El Mirage, Midnight 19 Aug 2007. Earlier in the day a KCS SD70ACe and Oakway SD60 brought a vehicle train down the Peavine to El Mirage. After dropping the autoracks, the units and three tank cars headed into Phoenix. Later that night I heard the KCS 4006 on the scanner at El Mirage preparing to pick up an outbound vehicle train. I headed out to see the power again and after a quick calculation I determined the train might make it to Hell Canyon Bridge after sunrise. I got on the cellphone and called my railfan friend Brian P. and asked him if he was game for a roadtrip to the mainline. I also informed him of the 4006 leading the train and he was sold on the trip but it would be an hour or so before he could meet me. I tanked up the truck, cleaned the windshield and picked up some ice and drinks for the trip.
Once back home I cleaned the truck out and prepped my gear. Brian arrived in due course and while driving out to Grand Avenue for the trip north, we heard another eastbound get a warrant from restricted limits. I told him it was probably the M-PHXBEL as I hadn't heard it depart yet during the evening. We decided to drive towards restricted limits and follow whatever train it was. As we approached Peoria Curve about 0115hrs, Brian saw the reflection on the railheads and said "there he is..." I turned around before the curve and pulled over, watching the train round the curve in my rear-view mirror. At 91st Avenue we pulled out onto Grand and began pacing the train. It had the BNSF 4843 on point, Oakway SD60 9065, BNSF 7670 followed by BNSF 4481. We were able to pace the train at 40-45mph for several miles...all the way to Bell Road...before we hit a red light. The detector at 173.0 sounded 220 axles...not a massive train but no slouch either. We caught back up to him shortly after the light at Bell turned Green but as he slowed for the double track at Beardsley we left him in the dust, needing to make up some time and get ahead of the KCS 4006.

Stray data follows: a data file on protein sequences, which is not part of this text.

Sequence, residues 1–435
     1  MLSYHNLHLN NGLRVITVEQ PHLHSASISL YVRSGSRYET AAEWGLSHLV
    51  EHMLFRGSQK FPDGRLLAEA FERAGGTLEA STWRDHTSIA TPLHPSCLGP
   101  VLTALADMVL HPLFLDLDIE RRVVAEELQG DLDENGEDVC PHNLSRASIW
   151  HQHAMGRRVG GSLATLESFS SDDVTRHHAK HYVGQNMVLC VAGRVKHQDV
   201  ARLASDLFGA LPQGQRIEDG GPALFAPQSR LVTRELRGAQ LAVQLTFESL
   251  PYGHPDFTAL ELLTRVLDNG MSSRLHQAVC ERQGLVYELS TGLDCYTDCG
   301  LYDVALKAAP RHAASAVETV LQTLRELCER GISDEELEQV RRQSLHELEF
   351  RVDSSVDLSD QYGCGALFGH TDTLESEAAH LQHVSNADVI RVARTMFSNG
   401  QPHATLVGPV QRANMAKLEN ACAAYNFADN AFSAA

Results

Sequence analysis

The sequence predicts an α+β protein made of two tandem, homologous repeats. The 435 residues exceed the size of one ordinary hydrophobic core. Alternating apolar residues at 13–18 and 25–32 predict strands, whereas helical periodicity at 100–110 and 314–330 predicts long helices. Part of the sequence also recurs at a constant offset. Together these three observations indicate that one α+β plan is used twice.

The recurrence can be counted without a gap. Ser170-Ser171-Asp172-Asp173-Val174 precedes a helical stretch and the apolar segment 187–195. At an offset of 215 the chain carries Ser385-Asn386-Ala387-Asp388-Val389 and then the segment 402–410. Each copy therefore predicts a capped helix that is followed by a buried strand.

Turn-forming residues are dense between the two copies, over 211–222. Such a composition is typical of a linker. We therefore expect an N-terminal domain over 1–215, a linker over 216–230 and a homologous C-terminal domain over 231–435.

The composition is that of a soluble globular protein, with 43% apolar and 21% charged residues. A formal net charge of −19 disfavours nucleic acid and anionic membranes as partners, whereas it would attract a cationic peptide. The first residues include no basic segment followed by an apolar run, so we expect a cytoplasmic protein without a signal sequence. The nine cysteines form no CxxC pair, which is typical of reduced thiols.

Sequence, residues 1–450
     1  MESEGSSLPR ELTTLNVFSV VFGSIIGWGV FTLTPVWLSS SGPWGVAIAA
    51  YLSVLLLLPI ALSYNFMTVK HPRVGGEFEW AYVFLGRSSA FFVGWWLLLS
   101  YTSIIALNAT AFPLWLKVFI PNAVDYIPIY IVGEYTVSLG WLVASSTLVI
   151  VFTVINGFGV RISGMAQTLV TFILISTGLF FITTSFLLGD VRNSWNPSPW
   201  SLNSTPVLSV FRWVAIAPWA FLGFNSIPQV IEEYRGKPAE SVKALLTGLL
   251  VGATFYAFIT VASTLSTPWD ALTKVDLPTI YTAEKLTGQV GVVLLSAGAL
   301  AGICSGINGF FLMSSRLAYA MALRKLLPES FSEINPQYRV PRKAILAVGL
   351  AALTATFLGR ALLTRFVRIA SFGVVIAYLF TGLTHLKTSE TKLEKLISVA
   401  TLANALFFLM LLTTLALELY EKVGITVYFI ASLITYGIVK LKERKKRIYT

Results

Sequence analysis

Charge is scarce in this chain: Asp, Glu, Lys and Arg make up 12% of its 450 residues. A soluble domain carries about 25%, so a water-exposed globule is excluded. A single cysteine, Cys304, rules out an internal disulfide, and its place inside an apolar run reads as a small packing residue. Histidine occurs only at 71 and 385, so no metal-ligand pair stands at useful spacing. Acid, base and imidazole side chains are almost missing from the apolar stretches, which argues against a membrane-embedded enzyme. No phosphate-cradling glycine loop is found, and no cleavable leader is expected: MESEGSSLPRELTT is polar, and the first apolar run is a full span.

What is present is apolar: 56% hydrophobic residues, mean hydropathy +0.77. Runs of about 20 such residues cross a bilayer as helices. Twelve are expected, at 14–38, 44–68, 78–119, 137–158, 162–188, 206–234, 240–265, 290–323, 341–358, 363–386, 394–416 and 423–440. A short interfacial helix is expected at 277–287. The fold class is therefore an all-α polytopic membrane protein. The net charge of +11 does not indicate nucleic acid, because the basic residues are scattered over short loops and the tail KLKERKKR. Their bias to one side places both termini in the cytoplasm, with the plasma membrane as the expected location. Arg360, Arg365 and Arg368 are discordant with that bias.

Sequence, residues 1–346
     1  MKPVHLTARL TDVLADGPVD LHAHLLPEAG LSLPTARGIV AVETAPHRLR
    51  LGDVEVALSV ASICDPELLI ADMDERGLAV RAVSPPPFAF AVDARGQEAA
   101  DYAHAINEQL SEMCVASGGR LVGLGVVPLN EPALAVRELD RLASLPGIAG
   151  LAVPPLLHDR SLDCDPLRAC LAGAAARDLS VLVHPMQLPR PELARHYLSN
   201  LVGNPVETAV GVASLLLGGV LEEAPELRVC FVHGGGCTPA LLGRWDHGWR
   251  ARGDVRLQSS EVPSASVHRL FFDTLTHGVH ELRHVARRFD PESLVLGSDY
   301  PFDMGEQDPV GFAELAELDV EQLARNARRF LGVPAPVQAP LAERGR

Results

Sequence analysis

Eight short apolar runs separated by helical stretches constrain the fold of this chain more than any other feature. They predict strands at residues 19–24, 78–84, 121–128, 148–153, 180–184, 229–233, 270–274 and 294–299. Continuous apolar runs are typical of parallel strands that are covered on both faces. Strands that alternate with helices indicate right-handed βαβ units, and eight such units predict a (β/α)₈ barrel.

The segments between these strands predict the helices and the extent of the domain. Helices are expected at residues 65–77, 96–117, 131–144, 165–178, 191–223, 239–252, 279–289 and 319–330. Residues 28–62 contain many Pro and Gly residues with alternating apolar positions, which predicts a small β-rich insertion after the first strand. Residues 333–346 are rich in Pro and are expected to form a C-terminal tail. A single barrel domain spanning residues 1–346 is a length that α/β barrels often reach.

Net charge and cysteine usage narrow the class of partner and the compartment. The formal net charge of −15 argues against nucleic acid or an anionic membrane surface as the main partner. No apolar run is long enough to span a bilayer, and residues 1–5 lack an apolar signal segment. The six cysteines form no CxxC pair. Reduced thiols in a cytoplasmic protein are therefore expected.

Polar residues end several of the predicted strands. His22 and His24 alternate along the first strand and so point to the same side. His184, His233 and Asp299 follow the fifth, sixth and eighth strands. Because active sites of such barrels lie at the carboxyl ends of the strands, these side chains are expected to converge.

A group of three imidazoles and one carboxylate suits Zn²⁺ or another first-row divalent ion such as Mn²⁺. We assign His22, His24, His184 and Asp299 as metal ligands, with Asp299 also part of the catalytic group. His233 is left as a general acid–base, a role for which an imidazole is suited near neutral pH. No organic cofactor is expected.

Enroute to Wickenburg we heard the 4006 OS (On Station) the MP 124 (Congress) to the dispatcher. I'd heard on the scanner earlier he was going in the hole at Hillside (MP 100) for a meet with the westbound M-BELPHX. At this point we were a good 45 minutes or so behind the train but with the meet happening we'd have no problem getting ahead of the train. Our route through Yarnell to Kirkland (where we would re-aquire the Peavine) would take about an hour and having no idea where the BELPHX was, my thoughts for seeing that train were pessimistic. As we climbed route 89 to Yarnell the sky became saturated with stars and the summer Milky Way. I decided to pull over at a safe location and just take in the 2am summer sky. Brian and I got out of the truck and stretched out legs and marvelled at the amount of stars visible this far from the light polluted Phoenix metro area. From this location we could also clearly pick up the BNSF on the scanner and we even heard the Arizona & California dispatcher talking to one of their GP38-2s (3892 or 3894, we couldn't decided what was the last digit we heard.)
Looking south towards Matthie, we quickly found the headlights of the BNSF 4843. He had just OS'd the MP 130 to the dispatcher and his apparent location in the distant blackness matched. Brian thought he could pick out the sound of the locomotives working out in the distance and I don't doubt it. I may have heard it briefly myself but I can't be certain. After a few minutes of stargazing we hit the road again, making good time through Yarnell and finally arriving at Kirkland a little while later. Just after we arrived at Kirkland the scanner came to life again and we heard the BNSF 7779 give back his warrant from Ash Fork to Skull Valley. Bonanza! We might just see this W/B after all!
Skull Valley is located just a few miles east of Kirkland but the line winds through a canyon and we couldn't discern any obvious sounds of an approaching train. We were beginning to think the train might have already passed Kirkland before we arrived and was heading up towards Grand View towards the meet at Hillside. On occasion, crews don't immediately give back their warrants...sometimes it happens miles down the track from the actual location. As such, it is possible to not get an entirely accurate "fix" on a trains' location. However, this was not hte case tonight as before long we could make out the brightening glow of headlights behind the edge of the mountainside. Within a couple of minutes, the BNSF 7779, BNSF 4595, Oakway (yes, another Oakway!) 9099, and BNSF 4420 leading the M-BELPHX blasted through Kirkland.